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JC Payne: Not just any body

Jun 13, 2016
Deputy Editor David Jordan takes a trip to the West Midlands to visit, one of the UK’s top commercial vehicle body manufacturers, JC Payne.

A few miles south of JC Payne’s factory in Aldridge, I passed through the town of Sutton Coldfield, apparently one of the most prosperous areas of the United Kingdom.  I’d never really been there before and if I’d been parachuted in I’d have guessed I was in an up-market district of Surrey, rather than on the edge of West Midlands’ industrial heartland. Quite a surprise. 

The factory was easy to find, a large blue building with JC Payne written in three-foot letters on the side.  The yard was busy with trucks coming and going and white fibreglass pods newly built awaiting the next stage in the production process.  I decided to park on the road outside the gate.  Later I learned that the company has recently bought the 40,000 sqft unit next door to the main building to increase capacity and streamline the flow of new vehicles as they pass through the factory.  

I pressed the buzzer on the squawk-box outside the door and was duly let in to reception and issued with my visitor’s badge before being escorted to Neil and Gary Brandrick’s office; the two brothers who run the company. The Brandrick family have been involved in the supply of commercial vehicles for many years and in 2008 their father Kevan bought JC Payne after it fell into administration during the recession. 

Neil explained the circumstances that lead to the acquisition. “JC Payne has been around since the 1920’s but it changed hands several times in recent years. Before it fell on hard times, the factory was producing about 3000 vehicles a year and employed over 200 people. The trouble was they only had a small number of customers and when the recession hit, some of them went out of business and unfortunately JC Payne went with them.”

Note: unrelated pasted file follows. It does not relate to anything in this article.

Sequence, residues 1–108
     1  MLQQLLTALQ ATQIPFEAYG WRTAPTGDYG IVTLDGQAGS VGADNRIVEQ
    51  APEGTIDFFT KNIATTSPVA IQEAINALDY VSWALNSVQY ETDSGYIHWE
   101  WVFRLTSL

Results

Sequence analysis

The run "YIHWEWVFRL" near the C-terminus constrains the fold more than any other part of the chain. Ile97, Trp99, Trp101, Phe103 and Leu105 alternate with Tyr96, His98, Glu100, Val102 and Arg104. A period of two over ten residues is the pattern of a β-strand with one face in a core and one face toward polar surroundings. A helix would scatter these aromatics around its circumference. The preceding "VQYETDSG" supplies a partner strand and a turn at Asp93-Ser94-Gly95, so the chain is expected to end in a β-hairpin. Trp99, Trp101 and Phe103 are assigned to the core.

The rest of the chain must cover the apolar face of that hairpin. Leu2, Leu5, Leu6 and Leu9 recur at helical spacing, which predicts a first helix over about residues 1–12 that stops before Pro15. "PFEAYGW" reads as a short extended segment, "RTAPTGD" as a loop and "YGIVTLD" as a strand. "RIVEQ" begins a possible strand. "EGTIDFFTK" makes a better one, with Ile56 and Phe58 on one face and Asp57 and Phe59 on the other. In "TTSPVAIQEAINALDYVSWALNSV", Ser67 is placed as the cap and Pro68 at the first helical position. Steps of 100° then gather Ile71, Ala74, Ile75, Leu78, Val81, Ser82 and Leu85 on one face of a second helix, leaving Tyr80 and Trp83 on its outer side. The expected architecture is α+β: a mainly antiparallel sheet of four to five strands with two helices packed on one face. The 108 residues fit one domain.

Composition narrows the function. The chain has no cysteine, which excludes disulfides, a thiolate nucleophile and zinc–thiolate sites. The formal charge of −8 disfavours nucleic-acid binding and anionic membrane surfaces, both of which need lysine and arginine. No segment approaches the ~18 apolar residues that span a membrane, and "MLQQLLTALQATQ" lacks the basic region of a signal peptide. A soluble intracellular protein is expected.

The administrator had dramatically cut the workforce to around a dozen by the time the Brandricks took over, but since then the business has grown steadily and now employs 133 people with 118 involved in production.  Design is carried out in house by the design team and skilled coachbuilders working on the shop-floor. “Finding people with the right skills is always difficult but we’ve introduced production techniques that reduce the level of skill required during the majority of the manufacturing process, so we only need skilled craftsmen for the more specialised operations,” said Neil. “Around 30% of our production staff are agency workers which means we can look for talent and offer permanent positions to the best workers when a vacancy arises – a sort of long job interview.”   

In an effort to create future generations of skilled workers the company has a number of apprentices working on both the shop-floor and in the design department. 

The factory currently produces between 1650 to 1700 vehicles a year; 60% are Luton derivatives with the remainder made up mainly of flatbeds, tippers, curtain-siders and pantechnicons, many of which are used by removals companies. 

“We build on a number of manufacturer’s chassis including Mercedes-Benz, MAN, Scania, DAF, Renault and Iveco, or we’ll re-body a used vehicle, according to the customer’s requirements,” said Gary Brandrick. “We want to cater for as many customers as possible whatever their budget or specification. Not everyone wants or needs the latest Mercedes-Benz chassis so we give our customers a wide choice.  We’re not in the business of building exotic trucks, but we do build them to last and give an excellent ROI.” 

As well as building sturdy practical vehicles, JC Payne’s sister company JC Payne Specialist Services provides a mobile breakdown and maintenance service for tail lifts and other types of lifting equipment used on vehicles.  A team of 15 engineers supported by approved service agents is on call 24/7, 365 days a year with a 60 to 90 minute response time.  


Photos: Top: Gary and Neil Brandrick outside the factory; middle left: Luton body lowered onto chassis ; bottom: (from left to right) Fabrication in progress, Jordan Reader (Apprentice), Pods being manufactured in the fibreglass dept, Chassis mounting. 


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